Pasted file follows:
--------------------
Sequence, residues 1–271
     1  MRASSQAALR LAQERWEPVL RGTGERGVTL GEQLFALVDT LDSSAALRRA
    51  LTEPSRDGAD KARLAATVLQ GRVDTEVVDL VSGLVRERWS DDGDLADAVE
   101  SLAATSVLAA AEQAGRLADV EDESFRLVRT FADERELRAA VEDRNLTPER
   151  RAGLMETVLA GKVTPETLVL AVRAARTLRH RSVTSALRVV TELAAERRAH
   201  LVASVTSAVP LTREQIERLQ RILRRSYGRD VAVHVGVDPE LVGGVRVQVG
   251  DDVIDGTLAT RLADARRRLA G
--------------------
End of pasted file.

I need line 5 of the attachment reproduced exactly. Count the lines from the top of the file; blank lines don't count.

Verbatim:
   151  RAGLMETVLA GKVTPETLVL AVRAARTLRH RSVTSALRVV TELAAERRAH